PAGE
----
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Pine Saw Fly

Pine Saw Fly

What you’ll see… are pine trees that have been partially defoliated.  The needles will be brown and wilted and appear straw-like, when the larvae are young.  In heavily infested trees you will find that all the old needles are completely missing and only the current year’s needles remain, giving the tree a “pom-pom” look with fluffy tufts of new needles surrounding bare spots.  The sawfly prefers mugo pines, but will also readily attack Scotch pines.

The reason for the problem… is the larvae of the sawfly.  Usually only one generation occurs per year and then over winter as an egg.  The eggs will begin to hatch in April through mid-May and the larvae will feed until mid-June.  The mature larvae are grayish green with light and dark stripes, about ½ to 1 inch long, and look like caterpillars.  The larvae feed in tightly clustered groups, or colonies.  When the larvae are disturbed they will all move in unison raising their heads and tails in a threatening manner.  The larvae will drop to the ground and spin tough cocoons in the debris.  The adults emerge in late August through September to mate and lay eggs.  These eggs can be located after a hard frost turns the egg laying mass yellow.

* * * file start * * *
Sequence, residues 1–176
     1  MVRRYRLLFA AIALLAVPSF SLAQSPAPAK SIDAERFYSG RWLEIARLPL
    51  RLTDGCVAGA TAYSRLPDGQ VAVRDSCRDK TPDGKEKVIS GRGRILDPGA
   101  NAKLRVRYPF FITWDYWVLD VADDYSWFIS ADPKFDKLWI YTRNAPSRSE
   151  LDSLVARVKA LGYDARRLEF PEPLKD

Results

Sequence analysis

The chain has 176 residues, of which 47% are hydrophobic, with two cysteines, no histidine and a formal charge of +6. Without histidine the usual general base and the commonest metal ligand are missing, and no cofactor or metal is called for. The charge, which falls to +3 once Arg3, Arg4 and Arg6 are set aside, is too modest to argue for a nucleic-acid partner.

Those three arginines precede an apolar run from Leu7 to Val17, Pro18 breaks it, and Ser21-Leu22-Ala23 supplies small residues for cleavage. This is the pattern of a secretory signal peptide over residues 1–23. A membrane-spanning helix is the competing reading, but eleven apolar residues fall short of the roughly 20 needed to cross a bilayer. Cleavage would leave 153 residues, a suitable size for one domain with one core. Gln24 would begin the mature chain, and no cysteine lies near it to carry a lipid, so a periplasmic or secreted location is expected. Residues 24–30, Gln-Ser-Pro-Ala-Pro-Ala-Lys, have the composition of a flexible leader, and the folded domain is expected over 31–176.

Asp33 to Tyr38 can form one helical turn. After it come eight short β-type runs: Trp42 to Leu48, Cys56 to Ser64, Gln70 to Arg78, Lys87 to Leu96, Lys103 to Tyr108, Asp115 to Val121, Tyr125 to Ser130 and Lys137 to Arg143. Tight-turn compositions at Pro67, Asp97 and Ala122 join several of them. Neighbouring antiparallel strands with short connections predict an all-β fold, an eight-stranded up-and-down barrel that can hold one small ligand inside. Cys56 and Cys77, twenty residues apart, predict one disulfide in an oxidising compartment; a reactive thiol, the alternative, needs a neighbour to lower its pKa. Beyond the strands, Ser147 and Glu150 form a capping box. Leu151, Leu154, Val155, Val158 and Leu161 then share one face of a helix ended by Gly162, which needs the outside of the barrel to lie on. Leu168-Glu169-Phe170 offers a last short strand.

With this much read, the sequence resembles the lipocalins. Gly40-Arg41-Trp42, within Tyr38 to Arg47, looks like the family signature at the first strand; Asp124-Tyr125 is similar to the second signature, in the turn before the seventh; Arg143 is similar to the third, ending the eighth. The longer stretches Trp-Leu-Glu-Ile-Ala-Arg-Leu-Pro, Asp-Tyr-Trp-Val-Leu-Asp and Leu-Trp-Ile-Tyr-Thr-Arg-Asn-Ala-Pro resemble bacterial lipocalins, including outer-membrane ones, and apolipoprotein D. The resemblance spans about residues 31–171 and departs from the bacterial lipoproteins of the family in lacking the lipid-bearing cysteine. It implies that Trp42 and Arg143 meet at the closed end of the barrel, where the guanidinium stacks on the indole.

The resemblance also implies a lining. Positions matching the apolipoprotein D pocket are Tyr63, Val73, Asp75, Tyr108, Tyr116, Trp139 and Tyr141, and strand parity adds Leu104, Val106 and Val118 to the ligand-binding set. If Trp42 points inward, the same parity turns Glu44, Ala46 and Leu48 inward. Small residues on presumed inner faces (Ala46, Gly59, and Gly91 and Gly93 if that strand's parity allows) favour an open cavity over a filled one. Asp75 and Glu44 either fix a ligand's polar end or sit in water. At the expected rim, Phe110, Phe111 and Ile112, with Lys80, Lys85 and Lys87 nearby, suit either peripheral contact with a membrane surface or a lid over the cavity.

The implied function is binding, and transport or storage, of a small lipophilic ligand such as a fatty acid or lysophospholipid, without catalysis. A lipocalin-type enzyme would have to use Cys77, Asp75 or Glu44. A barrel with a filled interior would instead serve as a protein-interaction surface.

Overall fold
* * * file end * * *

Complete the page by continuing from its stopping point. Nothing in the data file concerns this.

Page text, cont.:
You should… use some of the following mechanical methods of controls if only a few colonies are present:

  • If the needles containing over-wintered eggs can be found before they hatch, they can be pulled off the plants and destroyed. Do not simply throw on the ground since the eggs can still hatch.
  • Colonies of larvae can be easily removed by clipping off the infested branch. Place these branches in a plastic bag and destroy.
  • Colonies can also be knocked off by sharply striking the infested branch. Crush the larvae or knock into a pail of soapy water.

We can help by…thoroughly inspecting regularly and providing timely service with prudent advice.

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